Russian Prosecutors Called In Burger King to Explain The Nature of Their Cryptocurrency

Sep 20, 2017 at 12:50 // News
Author
Nina Lyon

Representatives of Burger King fast food restaurants, who have recently announced the launch of a new cryptocurrency “Whoppercoin”, have been called in to the prosecutor's office in Moscow to explain the nature of their digital currency and how it works.

According to a representative of Burger King, prosecutors reminded that only operations in rubles are legal in Russia, and asked them to write an official statement that the company did not conduct a mass issue of "Whoppercoins."

However, the senior legal counsel of Burger King in Russia, Nino Tsiklauri, is sure that they haven’t broken the law. So far, the concept of "cryptocurrency" is not defined in the Russian legislation, also there is no ban on conducting transactions using virtual currency, explained Nino Tsiklauri to local news media.

Mikhail Alexandrov, the partner in the A2 law firm, also commented:

“On the one hand, money surrogates are banned in Russia, on the other hand, in the case of Burger King the cryptocurrency can be treated same as stickers used by food retailers [in loyalty programs]. It's more of a marketing business, not a payment.”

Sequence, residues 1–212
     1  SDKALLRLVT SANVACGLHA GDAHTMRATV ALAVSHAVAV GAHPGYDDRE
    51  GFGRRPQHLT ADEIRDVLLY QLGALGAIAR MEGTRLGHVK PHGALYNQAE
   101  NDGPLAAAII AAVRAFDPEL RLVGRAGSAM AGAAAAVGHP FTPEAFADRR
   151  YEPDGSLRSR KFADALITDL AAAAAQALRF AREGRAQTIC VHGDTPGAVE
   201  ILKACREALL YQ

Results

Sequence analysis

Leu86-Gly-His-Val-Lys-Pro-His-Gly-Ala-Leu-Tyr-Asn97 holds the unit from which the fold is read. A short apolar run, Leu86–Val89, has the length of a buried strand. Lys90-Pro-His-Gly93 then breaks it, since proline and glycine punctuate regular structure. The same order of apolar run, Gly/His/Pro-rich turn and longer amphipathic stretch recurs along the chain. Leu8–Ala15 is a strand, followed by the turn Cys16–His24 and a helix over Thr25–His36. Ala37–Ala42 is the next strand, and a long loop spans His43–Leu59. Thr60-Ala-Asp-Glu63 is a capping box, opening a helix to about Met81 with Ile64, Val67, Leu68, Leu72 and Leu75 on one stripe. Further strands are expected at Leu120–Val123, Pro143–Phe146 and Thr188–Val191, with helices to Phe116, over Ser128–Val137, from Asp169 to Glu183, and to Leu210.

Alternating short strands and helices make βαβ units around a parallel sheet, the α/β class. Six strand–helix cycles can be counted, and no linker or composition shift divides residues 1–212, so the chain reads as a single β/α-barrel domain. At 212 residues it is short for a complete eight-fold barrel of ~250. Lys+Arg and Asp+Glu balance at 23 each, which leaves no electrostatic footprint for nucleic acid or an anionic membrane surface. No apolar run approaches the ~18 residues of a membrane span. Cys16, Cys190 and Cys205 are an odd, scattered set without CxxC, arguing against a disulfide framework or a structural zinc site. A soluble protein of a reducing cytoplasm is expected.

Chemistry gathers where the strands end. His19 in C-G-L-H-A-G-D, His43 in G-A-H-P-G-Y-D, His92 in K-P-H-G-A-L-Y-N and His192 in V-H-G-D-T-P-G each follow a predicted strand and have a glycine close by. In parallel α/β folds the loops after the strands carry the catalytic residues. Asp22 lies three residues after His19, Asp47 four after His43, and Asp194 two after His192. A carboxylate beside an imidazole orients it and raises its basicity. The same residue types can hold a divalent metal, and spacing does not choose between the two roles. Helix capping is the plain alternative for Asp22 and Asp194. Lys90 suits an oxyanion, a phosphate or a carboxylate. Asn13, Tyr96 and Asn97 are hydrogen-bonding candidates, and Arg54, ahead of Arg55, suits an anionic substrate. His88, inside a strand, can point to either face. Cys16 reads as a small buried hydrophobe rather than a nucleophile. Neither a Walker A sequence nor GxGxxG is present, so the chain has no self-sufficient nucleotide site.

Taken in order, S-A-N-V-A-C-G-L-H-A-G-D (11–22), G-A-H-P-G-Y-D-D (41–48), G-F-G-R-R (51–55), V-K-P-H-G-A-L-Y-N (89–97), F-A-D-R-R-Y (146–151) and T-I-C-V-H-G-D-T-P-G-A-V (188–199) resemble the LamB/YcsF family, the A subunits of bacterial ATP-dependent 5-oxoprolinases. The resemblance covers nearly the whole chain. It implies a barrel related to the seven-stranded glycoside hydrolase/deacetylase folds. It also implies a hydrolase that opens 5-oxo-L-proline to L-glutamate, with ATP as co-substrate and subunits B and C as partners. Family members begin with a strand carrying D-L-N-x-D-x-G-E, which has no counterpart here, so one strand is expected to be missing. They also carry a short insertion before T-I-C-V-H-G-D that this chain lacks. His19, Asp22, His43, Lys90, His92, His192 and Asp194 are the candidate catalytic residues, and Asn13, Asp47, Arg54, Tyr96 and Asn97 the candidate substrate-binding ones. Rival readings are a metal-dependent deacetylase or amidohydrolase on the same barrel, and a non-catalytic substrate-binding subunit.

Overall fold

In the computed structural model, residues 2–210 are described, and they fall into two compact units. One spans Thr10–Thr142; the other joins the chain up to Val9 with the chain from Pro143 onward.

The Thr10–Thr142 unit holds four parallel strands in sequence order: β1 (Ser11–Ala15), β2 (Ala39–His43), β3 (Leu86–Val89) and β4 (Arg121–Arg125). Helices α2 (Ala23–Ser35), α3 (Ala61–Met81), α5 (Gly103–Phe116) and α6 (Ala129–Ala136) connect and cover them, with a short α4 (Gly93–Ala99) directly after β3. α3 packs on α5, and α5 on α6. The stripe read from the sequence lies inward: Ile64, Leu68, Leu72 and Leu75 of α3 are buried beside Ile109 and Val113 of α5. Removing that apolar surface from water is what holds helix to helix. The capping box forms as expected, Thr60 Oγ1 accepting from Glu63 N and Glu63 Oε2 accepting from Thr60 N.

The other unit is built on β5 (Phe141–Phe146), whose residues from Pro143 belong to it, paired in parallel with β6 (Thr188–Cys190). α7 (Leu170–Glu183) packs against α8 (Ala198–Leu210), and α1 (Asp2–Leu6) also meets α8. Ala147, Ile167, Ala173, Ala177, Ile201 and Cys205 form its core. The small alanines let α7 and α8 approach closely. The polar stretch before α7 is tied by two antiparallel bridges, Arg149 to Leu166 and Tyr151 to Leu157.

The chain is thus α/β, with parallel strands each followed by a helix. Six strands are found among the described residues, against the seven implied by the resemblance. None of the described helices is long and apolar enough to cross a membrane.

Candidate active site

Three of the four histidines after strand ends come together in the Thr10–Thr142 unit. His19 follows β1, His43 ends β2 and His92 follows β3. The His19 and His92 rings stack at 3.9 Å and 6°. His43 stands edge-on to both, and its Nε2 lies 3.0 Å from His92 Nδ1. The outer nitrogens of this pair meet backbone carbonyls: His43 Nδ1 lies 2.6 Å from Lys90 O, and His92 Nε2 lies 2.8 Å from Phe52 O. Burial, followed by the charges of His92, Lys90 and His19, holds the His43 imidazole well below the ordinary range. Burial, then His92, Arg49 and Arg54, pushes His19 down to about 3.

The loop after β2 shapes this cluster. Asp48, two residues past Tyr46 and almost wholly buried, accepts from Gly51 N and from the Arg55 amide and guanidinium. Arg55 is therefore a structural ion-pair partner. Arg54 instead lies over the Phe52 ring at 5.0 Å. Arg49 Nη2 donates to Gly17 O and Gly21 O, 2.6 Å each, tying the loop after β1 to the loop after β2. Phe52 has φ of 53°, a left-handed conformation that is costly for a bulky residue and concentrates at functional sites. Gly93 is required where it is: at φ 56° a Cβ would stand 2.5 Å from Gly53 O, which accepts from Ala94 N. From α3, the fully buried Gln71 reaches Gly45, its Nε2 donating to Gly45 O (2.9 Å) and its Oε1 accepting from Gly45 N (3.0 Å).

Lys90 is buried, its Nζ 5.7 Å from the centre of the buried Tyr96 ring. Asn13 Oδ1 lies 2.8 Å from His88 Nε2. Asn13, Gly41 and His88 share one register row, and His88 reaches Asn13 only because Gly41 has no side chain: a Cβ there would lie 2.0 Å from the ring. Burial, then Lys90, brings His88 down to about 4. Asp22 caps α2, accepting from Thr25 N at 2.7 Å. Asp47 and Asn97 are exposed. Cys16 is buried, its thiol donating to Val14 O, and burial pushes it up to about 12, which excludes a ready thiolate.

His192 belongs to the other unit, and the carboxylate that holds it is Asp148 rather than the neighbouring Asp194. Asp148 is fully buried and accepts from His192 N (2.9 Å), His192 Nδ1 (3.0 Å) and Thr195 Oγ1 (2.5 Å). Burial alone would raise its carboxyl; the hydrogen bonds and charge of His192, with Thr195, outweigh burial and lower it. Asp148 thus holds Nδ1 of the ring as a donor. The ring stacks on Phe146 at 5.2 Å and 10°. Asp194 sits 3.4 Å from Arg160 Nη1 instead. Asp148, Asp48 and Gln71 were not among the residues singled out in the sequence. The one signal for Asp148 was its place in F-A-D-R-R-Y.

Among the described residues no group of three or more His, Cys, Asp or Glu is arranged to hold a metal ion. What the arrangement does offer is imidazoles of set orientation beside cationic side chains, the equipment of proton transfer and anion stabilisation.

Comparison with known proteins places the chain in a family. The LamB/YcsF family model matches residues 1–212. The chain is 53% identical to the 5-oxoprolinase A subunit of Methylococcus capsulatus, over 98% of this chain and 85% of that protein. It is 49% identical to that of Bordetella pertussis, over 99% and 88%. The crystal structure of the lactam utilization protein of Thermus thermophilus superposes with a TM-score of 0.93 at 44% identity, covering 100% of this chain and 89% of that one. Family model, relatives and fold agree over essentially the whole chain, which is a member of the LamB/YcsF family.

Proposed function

Burger King has announced that it is now offering its own cryptocurrency, launched on the Waves blockchain platform, in August 2017. Customers of Burger King in Russia now have an option to get Whoppercoins on a special digital wallet when they are buying Whoppers. For each "Whopper" burger bought, the visitor will receive one Whoppercoin. Starting today, August 22, customers can send a photo of the check paid for the order at Burger King and the address of their cryptocurrency wallet to receive new cryptocurrency.

It is worth mentioning that Boris Titov, Presidential Commissioner of the Russian Federation for the Protection of Entrepreneurs’ Rights, stated at the Eastern Economic Forum, 2017, that the government is preparing regulation for cryptocurrencies and ICOs in Russia. It would allow storing and exchanging cryptocurrencies, however, is should limit the possibility to use cryptocurrency as a payment method. He said: “Similar regulatory we have with the foreign currencies: citizens may store it, exchange it but can’t use it as a payment method on the domestic market. We pay for a taxi, buy products in a local shop or set business contracts with other residents of Russia using only national currency.” 

Boris Titov mentioned during his speech that this also means that restaurant businesses in Russia that have already started accepting cryptocurrencies will have to follow the regulation when it is enacted.